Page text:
What Is the Statute of Limitations for Georgia Medical Malpractice Cases?

October 9, 2019

Patients who become victims of their doctors’ negligence have limited time to prepare and file a malpractice. In Georgia, medical malpractice cases have a statute of limitations of two years. This means that patients have two years from their injury date to file a malpractice lawsuit. However, this does not mean they should wait for two years before contacting a Georgia medical malpractice attorney.

Why Medical Malpractice Lawyers in Georgia Recommend Early Action

Lawsuits involve complicated procedures that should be initiated in advance. A single day of delay could be enough for the court to dismiss a case. Moreover, just the act of filing the lawsuit in due time does not guarantee a favorable verdict. The claimant or their Georgia medical malpractice attorney will still have to prove their case. That takes solid evidence which, in turn, takes time to obtain.

Therefore, the best strategy for patients is to reach out to a Georgia medical malpractice lawyer as soon as possible. The latter will use the time to gather evidence and build a solid case. They will file the lawsuit when they know the time is right and they have everything they need. The sooner they begin the procedures, the sooner their client will receive their compensation.

What happens when the patient waits too long and the two-year deadline has already passed? The defendant (the doctor, their insurer, the hospital, etc.) will ask the court to dismiss the case. If the claimant cannot justify the delay, they will most likely lose their right to compensation.

However, an experienced Georgia medical malpractice lawyer may be able to avoid that. The statute of limitations does allow a few exceptions they could turn to in order to help their client. We will review them in the following lines.

Exceptions to the Two-Year Statute of Limitations for Medical Malpractice Cases in Georgia

1. Late Discovery

Some injuries display symptoms long after they occur. In such cases, Georgia law stipulates that the two-year deadline starts running on the discovery day. The patient will have to prove when their first symptoms appeared and that such delays are normal.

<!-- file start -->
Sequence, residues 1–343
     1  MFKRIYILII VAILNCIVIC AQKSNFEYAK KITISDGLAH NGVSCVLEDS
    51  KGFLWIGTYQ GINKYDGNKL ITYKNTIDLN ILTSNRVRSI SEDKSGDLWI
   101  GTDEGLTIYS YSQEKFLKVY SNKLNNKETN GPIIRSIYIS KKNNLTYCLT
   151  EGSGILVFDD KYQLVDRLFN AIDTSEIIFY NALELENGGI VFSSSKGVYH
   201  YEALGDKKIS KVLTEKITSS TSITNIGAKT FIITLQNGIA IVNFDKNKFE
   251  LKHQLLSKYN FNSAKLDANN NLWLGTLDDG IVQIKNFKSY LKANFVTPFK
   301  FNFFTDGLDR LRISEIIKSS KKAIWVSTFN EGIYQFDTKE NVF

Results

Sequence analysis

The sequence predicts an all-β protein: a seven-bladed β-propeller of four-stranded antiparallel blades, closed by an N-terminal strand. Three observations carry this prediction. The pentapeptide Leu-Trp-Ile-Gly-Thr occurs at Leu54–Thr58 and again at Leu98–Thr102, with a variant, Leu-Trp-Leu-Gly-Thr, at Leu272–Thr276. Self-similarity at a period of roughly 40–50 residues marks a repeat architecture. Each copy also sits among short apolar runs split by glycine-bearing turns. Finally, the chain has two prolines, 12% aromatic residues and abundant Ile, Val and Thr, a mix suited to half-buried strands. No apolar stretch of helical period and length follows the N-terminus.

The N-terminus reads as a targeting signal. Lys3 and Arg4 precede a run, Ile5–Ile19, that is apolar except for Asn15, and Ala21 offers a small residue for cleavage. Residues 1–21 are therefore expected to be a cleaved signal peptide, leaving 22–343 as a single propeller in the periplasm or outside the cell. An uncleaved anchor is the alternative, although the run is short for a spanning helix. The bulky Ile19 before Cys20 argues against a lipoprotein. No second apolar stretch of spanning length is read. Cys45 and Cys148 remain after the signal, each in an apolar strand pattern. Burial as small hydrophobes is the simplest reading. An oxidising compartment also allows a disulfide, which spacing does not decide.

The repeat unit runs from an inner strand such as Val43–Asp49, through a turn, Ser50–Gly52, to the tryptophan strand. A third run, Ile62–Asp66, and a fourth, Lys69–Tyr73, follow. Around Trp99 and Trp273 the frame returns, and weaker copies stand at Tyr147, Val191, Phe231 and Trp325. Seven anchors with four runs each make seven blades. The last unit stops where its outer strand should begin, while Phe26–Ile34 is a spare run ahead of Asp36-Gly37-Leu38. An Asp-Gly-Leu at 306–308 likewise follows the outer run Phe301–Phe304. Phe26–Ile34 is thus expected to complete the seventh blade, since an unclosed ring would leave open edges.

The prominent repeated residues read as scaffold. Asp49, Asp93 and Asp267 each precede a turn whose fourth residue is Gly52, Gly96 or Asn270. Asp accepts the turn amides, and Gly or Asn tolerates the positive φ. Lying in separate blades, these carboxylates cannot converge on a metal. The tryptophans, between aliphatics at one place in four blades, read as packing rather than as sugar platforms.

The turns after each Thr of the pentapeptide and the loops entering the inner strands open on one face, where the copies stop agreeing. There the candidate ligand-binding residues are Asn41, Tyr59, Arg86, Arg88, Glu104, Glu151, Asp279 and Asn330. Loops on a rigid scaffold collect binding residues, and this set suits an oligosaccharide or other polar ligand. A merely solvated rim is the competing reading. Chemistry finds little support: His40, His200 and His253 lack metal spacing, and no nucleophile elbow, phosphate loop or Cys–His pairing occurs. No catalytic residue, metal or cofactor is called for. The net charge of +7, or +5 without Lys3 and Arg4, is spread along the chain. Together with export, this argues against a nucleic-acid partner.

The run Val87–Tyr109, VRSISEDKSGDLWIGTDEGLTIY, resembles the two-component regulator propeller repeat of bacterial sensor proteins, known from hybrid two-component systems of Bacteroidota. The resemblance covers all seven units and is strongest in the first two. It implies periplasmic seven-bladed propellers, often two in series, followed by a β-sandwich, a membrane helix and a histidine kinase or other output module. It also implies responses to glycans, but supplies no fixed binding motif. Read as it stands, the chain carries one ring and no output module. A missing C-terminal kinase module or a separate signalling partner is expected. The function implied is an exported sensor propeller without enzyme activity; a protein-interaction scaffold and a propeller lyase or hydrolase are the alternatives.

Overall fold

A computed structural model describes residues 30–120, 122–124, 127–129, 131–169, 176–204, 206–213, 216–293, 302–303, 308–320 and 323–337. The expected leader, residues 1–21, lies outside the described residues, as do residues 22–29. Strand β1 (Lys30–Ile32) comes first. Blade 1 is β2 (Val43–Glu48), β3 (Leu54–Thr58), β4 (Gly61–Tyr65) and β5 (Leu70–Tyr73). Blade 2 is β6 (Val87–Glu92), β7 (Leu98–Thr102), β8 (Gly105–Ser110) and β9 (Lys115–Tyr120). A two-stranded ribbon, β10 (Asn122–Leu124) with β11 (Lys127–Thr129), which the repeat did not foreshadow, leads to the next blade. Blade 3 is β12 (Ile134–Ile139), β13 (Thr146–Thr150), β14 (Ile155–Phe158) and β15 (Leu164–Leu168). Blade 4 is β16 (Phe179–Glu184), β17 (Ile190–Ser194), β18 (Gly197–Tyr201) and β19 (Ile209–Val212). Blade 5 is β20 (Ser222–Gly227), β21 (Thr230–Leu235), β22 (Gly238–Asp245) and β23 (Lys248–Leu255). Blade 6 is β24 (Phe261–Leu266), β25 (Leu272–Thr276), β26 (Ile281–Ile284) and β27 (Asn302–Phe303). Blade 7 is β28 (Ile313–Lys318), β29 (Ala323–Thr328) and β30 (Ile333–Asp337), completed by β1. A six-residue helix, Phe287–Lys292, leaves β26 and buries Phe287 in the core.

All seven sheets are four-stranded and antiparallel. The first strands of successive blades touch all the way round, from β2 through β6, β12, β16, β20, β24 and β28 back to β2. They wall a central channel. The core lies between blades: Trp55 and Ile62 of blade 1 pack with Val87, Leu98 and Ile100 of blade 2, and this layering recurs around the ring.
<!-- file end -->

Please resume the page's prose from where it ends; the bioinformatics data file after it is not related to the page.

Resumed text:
This may take medical reports and expert testimonies. However, an experienced Georgia medical malpractice lawyer will know how to obtain them. It is important to note that late discovery does not justify delaying actions beyond a five-year deadline.

2. Minor or Mentally Incompetent Patient

Georgia law grants special circumstances to children and patients who are mentally incompetent. Code section 9-3-73 foresees that:

  • Persons legally incompetent have to take action within no more than five years from the malpractice.
  • Actions referring to minors under five years of age should be brought after the child’s tenth birthday. Actions referring to minors aged five or older should be initiated within five years from the malpractice.

3. Foreign Objects Left in the Patient’s Body

Code section 9-3-72 gives patients with foreign objects left in their body one year from discovery to take action. The rule does not apply to chemical compounds, fixation devices, and prosthetic aids or devices.

4. Other Exceptions the Court  May Allow on a Case-to-Case Basis

An experienced Georgia medical malpractice lawyer may be able to obtain an extension even outside the situations above.

For example, they may be able to prove that the doctor at fault covered their malpractice and prevented discovery. Perhaps the patient went to them complaining about symptoms and they blamed them on something else. They may also be able to prove that the discovery occurred late due to “failure to diagnose”.

The court may allow such justifications and grant extensions past the five-year from malpractice. However, it is important to note that these exceptions are not guaranteed. The court allows them on a case-to-case basis, and only if convincing evidence exists.

It takes an experienced, knowledgeable, and dedicated Georgia medical malpractice lawyer to convince them. The latter will review all case details, identify the best strategy, and gather the necessary evidence. They will present that evidence in such a way as to show that the delay was not their client’s fault. The rule remains: the sooner Georgia medical malpractice lawyers start working on the case the better.

Schedule a FREE Case Review with One of the Most Dedicated Medical Malpractice Lawyers in Georgia

If you incurred injuries due to a healthcare provider’s negligence, you cannot afford to lose time. It does not matter when the malpractice occurred. You need to find out where you stand, and we can help, for free. Call our office at (229) 351-5320 and schedule a consultation with our Georgia medical malpractice lawyer now! Every day counts!